Obviously, mitzvot that are broken publicly, or that are found out carried with them enforceable punishments -- such as execution for murder or adultery, or retribution for theft or usury. However, my question is this: was there any mechanism in Ancient Israel by which the laws related to one's own private life, such as taharat hamishpachah, or failure to abide by kosher laws, etc, were enforced? In many Islamic countries, we see "religious police" which police people's observance, often intruding into people's private lives to find where they fall short. Was there ever this kind of intrusion, or did the Sanhedrin/elders simply leave these sorts of things alone, knowing G-d would mete out justice Himself?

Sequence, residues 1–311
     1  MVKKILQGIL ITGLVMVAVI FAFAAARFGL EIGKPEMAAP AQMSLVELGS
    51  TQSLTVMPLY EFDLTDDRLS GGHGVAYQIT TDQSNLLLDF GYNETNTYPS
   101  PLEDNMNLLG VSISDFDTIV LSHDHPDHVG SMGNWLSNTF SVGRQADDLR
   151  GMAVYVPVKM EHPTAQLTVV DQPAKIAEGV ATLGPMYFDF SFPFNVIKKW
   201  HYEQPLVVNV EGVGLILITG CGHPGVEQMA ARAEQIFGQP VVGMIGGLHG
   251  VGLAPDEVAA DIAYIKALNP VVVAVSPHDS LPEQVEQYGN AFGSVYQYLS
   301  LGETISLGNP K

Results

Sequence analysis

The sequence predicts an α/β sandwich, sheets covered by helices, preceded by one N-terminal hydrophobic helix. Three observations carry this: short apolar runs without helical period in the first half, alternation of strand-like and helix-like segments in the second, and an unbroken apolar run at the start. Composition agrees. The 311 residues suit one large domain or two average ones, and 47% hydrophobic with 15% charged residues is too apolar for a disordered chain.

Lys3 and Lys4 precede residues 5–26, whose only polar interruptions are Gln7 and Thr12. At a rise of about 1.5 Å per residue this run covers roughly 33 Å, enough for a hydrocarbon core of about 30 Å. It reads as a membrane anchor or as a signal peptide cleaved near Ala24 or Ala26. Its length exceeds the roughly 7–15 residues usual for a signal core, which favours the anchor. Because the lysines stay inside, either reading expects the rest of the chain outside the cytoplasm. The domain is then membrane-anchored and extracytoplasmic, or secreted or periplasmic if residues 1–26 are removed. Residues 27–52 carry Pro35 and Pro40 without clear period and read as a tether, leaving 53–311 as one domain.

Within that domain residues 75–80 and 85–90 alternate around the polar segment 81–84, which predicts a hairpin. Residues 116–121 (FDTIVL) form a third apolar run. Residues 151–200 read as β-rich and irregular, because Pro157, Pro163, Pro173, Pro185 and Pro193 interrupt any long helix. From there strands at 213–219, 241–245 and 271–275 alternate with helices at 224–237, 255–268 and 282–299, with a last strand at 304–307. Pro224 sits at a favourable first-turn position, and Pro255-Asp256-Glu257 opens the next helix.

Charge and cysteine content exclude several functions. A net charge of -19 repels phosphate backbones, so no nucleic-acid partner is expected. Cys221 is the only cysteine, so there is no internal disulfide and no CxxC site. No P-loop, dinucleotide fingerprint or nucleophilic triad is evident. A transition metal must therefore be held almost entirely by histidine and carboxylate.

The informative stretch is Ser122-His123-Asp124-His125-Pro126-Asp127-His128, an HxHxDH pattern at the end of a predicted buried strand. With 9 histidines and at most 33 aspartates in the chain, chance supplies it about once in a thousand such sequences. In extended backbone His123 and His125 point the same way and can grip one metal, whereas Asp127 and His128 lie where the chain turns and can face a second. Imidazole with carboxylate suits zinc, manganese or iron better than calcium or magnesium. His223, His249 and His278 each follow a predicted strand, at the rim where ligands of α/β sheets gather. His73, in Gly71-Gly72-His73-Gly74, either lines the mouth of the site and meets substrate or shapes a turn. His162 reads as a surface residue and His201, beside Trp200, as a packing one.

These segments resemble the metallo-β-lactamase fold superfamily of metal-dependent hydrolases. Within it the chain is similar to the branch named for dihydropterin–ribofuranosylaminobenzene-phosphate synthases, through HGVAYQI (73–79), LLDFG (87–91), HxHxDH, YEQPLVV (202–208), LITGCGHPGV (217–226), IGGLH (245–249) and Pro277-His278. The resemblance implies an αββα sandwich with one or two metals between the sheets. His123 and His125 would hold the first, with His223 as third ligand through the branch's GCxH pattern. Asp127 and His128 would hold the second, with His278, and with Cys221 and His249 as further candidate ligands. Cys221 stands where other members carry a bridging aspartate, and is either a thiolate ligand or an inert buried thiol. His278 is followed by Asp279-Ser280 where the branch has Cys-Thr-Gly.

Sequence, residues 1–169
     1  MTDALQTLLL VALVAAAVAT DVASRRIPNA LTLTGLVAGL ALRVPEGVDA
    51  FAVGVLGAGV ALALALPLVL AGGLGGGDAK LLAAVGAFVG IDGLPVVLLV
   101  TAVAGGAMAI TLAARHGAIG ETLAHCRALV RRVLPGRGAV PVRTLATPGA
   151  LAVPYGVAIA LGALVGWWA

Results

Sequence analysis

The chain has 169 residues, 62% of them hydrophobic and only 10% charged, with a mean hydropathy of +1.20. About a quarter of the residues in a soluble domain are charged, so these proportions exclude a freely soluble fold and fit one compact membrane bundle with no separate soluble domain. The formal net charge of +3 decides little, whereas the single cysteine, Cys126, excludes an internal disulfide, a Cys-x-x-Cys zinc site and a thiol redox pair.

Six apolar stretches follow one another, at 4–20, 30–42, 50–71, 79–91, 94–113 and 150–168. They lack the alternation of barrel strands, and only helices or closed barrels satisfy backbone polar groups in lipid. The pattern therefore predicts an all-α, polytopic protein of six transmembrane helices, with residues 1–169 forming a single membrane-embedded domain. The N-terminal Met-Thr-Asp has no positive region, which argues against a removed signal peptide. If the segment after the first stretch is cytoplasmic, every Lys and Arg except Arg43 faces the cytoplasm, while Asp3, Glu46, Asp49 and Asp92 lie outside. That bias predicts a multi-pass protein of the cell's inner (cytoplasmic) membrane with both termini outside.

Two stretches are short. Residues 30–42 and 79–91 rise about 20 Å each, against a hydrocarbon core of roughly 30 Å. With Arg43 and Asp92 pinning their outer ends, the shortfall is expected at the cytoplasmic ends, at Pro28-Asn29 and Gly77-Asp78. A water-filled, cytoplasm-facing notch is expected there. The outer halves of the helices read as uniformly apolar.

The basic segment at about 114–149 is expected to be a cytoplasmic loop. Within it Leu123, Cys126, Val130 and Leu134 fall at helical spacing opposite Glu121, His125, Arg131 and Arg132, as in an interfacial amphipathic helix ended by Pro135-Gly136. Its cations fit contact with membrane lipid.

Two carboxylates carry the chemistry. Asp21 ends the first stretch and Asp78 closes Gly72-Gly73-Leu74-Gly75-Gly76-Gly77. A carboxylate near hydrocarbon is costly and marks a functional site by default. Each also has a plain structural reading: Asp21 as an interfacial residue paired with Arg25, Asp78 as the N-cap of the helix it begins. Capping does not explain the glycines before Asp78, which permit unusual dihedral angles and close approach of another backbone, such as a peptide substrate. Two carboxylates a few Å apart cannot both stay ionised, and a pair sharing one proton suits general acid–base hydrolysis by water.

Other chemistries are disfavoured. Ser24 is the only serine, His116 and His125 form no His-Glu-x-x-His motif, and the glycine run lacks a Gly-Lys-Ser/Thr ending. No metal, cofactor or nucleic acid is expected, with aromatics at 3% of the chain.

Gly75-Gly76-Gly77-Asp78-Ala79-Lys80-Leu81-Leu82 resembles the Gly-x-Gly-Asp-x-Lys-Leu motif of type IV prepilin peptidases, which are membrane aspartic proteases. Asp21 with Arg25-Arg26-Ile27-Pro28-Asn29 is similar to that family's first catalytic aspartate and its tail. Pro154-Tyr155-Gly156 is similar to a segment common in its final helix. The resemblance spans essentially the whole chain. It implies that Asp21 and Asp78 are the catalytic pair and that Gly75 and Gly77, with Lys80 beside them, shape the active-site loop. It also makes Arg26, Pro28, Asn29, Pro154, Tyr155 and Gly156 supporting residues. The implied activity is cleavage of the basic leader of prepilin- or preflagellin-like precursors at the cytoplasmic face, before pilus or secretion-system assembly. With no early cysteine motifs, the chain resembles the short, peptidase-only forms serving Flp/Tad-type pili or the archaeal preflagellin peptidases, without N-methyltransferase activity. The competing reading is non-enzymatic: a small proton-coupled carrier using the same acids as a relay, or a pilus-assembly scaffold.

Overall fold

I know G-d sees the secret sins, that is not my question - it is whether or not there was some sort of state-sanctioned enforcement (or attempt at enforcement) of more "private" laxity in observance.